Glen Paul: OK. Let’s have a look at the biomass research firstly. What does that involve?
Dr Jahanshahi: This involves partial replacement of coal with renewable carbon or charcoal, which is dried by pyrolysis of biomass materials. These biomass materials are sourced from plantation of trees and residues from forestry, agriculture, and wood processing industries.
These materials are sourced from sustainable sources rather than native forests, thus we consider them to be carbon neutral. And it is worth noting that the pyrolysis process that CSIRO is developing for conversion of the biomass to charcoal also produces some very valuable by-products, such as bio oil and hydrocarbons, which could be used for other applications such as producing green electricity, plastics, and liquid fuels, which obviously would be considered as carbon neutral as well.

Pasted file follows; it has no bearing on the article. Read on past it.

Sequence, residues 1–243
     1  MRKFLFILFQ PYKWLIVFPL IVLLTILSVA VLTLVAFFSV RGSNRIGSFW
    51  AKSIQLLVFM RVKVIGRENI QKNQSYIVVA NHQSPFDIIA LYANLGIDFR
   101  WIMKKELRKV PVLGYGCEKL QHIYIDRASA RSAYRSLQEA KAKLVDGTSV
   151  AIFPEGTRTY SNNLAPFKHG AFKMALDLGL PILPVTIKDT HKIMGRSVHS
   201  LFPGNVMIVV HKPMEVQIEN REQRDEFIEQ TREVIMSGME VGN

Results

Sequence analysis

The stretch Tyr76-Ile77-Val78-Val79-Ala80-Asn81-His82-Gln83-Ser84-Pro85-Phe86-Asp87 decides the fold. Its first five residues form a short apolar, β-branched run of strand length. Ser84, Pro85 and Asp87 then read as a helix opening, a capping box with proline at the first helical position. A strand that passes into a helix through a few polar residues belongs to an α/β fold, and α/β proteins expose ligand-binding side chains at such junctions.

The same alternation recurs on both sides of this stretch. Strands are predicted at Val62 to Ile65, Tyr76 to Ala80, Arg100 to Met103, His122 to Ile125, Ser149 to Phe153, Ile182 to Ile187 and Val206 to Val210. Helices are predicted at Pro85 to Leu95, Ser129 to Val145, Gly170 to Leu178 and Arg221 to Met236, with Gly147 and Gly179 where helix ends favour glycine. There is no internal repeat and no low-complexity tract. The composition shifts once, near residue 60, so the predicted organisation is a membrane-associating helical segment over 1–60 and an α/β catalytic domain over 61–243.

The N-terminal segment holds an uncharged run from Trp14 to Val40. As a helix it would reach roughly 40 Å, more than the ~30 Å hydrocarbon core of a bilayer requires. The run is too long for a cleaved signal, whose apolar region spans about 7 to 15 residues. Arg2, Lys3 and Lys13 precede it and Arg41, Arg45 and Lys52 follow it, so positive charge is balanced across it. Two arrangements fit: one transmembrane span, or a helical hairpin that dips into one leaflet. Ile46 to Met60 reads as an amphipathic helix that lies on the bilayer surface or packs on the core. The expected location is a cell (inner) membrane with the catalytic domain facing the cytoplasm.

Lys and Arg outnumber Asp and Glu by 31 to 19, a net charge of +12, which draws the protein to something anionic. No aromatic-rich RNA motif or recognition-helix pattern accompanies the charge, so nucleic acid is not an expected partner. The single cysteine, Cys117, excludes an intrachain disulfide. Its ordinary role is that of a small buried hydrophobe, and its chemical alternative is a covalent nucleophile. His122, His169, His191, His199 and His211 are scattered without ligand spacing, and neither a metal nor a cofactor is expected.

Glen Paul: Right. So would you need to burn more of this to generate the same amount of heat as you would in burning coal?
Dr Jahanshahi: Mass and energy balance modelling shows that because charcoals contain less amount of gangue materials or impurities, the amount required to replace the coal would be slightly less in fact, much more efficient in that regard. And as they also combust much more efficiently than coal, then some further efficiency and improvements there is expected to happen once we replace some of the pulverised coal injection with charcoal.
Glen Paul: OK. What about the actual noxious gas emissions that are generated through the metallurgical processes themselves? Will there be more or less of that using biomass derived charcoal?
Dr Jahanshahi: Yeah, our measurements to date have shown these are a part of plant results, particularly in sintering of iron ore, that because charcoals contain less impurities, such as sulphur, the emissions of oxides of sulphur and nitrogen are considerably less than when we use coal for the same sort of sintering application. So we expect significant improvements also in that regard arising from the use of charcoal.